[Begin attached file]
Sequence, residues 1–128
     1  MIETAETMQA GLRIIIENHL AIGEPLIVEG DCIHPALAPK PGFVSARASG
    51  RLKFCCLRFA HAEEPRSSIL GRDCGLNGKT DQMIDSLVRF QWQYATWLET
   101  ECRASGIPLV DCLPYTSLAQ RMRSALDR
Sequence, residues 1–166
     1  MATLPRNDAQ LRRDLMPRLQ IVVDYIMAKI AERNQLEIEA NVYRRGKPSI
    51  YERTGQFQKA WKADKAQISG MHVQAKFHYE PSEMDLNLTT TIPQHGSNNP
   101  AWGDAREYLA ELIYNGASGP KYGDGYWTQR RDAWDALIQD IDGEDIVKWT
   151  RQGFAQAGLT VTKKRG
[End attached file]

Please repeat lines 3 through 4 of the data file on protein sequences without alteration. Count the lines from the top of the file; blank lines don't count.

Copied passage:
    51  RLKFCCLRFA HAEEPRSSIL GRDCGLNGKT DQMIDSLVRF QWQYATWLET
   101  ECRASGIPLV DCLPYTSLAQ RMRSALDR